Listen: Stephen Hawking's final message to humankind
This piece of music was beamed into back hole 1A 0620-00, about 3,457 light years away. You can listen to the six-minute song, with spoken word by Stephen Hawking, right here.
It's hard to start any sort of Stephen Hawking article without sounding like you're fawning all over the (now, sadly passed-away) theoretical physicist. He was a true lion of his time. His understanding of time, space, and physics was so incredible that it could be many, many years until someone comes along that's anywhere close to him. And he was humble enough to go back over his old work and update it, and even to (repeatedly) poke fun at himself. Not many super-brilliant dudes can say that.
On Friday, June 15th, Stephen Hawking was interred at the prestigious Westminster Abbey in London next to Charles Darwin and Isaac Newton. Directly following the service, a song featuring an edited version of his 2015 speech at the World Economic Forum’s Annual Meeting and set to music by the German composer Vangelis was beamed into the nearest black hole, named 1A 0620-00, about 3,457 light years away. A copy of the song was also given to attendees at the service. A black hole is a fitting place for his voice to travel to: Hawking had spent much of his life researching black holes, and one can imagine that he'd be a little giddy at the news.
Below is the song, aptly titled 'The Stephen Hawking Tribue'. Quite honestly, it's a stunning tribute. The message "Seize the moment... It can be done" is so needed, so necessary, so acutely accurate in these dark times, that it's hard to listen to the whole thing without tearing up a little. The full text of the speech is below as well. Godspeed, Mister Hawking.
I am very aware of the preciousness of time. Seize the moment. Act now.
I have spent my life traveling across the universe inside my mind.
Through theoretical physics I have sought to answer some of the great questions.
But there are other challenges, other big questions which must be answered and these will also need a new generation who are interested, engaged, and with an understanding of science.
How will we feed an ever-growing population, provide clean water, generate renewable energy, prevent and cure disease, and slow down global climate change?
I hope that science and technology will provide the answers to these questions. But it will take people, human beings with knowledge and understanding to implement these solutions.
One of the great revelations of the Space Age has been the perspective it has given humanity on ourselves. When we see the earth from space, we see ourselves as a whole. We see the unity and not the divisions. It is such a simple image with a compelling message. One planet. One human race.
We are here together and we need to live together with tolerance and respect. We must become Global Citizens. Our only boundaries are the way we see ourselves. The only borders, the way we see each other.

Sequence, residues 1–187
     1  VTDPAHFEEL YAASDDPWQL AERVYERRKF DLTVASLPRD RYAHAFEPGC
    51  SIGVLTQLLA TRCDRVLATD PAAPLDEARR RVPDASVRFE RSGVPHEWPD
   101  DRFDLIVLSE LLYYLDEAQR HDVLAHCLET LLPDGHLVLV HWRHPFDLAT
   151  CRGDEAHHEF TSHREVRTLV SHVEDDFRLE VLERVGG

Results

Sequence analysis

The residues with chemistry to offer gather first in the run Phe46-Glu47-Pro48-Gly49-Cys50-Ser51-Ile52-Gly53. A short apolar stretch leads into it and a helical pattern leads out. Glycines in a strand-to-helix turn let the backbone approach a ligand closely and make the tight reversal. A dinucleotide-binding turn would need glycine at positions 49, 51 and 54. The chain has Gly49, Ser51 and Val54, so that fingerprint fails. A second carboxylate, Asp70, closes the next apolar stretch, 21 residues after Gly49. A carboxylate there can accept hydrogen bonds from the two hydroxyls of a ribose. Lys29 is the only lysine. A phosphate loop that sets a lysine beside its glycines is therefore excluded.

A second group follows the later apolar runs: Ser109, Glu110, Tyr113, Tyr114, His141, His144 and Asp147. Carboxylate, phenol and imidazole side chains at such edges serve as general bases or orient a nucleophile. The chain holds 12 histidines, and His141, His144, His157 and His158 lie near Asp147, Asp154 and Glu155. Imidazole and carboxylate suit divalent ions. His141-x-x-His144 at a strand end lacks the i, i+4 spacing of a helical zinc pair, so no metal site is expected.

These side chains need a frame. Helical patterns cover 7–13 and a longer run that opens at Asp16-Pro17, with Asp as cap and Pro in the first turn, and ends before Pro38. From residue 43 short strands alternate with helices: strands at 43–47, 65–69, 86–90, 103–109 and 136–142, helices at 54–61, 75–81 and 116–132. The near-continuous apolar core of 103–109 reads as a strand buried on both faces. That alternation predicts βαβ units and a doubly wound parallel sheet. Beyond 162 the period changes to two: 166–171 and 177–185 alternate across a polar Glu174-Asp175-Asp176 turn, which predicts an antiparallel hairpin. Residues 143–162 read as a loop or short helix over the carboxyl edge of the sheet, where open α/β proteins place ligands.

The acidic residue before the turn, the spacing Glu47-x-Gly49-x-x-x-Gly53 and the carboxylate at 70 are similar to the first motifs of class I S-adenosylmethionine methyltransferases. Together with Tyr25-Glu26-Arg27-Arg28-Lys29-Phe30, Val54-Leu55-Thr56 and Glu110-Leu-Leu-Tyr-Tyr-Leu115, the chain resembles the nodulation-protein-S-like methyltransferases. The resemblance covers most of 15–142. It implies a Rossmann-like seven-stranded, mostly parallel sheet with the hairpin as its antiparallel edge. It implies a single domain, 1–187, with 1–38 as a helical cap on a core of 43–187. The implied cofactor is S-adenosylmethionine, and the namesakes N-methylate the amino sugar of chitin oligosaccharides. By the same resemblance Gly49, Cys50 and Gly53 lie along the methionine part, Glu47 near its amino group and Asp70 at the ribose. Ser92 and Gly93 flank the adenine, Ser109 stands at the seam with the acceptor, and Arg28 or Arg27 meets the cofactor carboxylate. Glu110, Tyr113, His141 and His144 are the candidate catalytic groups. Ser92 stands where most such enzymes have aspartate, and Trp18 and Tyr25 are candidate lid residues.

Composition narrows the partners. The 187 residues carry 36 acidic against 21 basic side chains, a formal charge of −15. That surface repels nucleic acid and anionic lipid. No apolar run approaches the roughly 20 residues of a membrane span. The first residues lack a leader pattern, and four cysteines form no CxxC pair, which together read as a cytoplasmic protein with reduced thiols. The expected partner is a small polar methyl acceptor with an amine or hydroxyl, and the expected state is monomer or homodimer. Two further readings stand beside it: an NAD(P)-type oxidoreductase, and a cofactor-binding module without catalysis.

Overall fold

I have been enormously privileged through my work to be able to contribute to our understanding of the universe but it would be an empty universe indeed if it were not for the people I love and who love me. Without them, the wonder of it all would be lost on me.
Let us fight for every woman and every man to have the opportunity to live healthy, secure lives, full of opportunity and love.
We are all time travelers, journeying together into the future. But let us work together to make that future a place we want to visit.
Be brave, be determined, overcome the odds. It can be done.
Researchers discover a link between nonverbal synchronization and relationship success.
- Scientists say coordinating movements leads to increased intimacy and sexual desire in a couple.
- The improved rapport and empathy was also observed in people who didn't know each other.
- Non-verbal clues are very important in the development stages of a relationship.
Humans evolved to live in the cold through a number of environmental and genetic factors.
- According to some relatively new research, many of our early human cousins preceded Homo sapien migrations north by hundreds of thousands or even millions of years.
- Cross-breeding with other ancient hominids gave some subsets of human population the genes to contend and thrive in colder and harsher climates.
- Behavioral and dietary changes also helped humans adapt to cold climates.
The comics titan worked for more than half a century to revolutionize and add nuance to the comics industry, and he built a vast community of fans along the way.
- Lee died shortly after being rushed to an L.A. hospital. He had been struggling with multiple illnesses over the past year, reports indicate.
- Since the 1950s, Lee has been one of the most influential figures in comics, helping to popularize heroes that expressed a level of nuance and self-doubt previously unseen in the industry.
- Lee, who's later years were marked by some financial and legal tumult, is survived by his daughter, Joan Celia "J.C." Lee.
SMARTER FASTER trademarks owned by The Big Think, Inc. All rights reserved.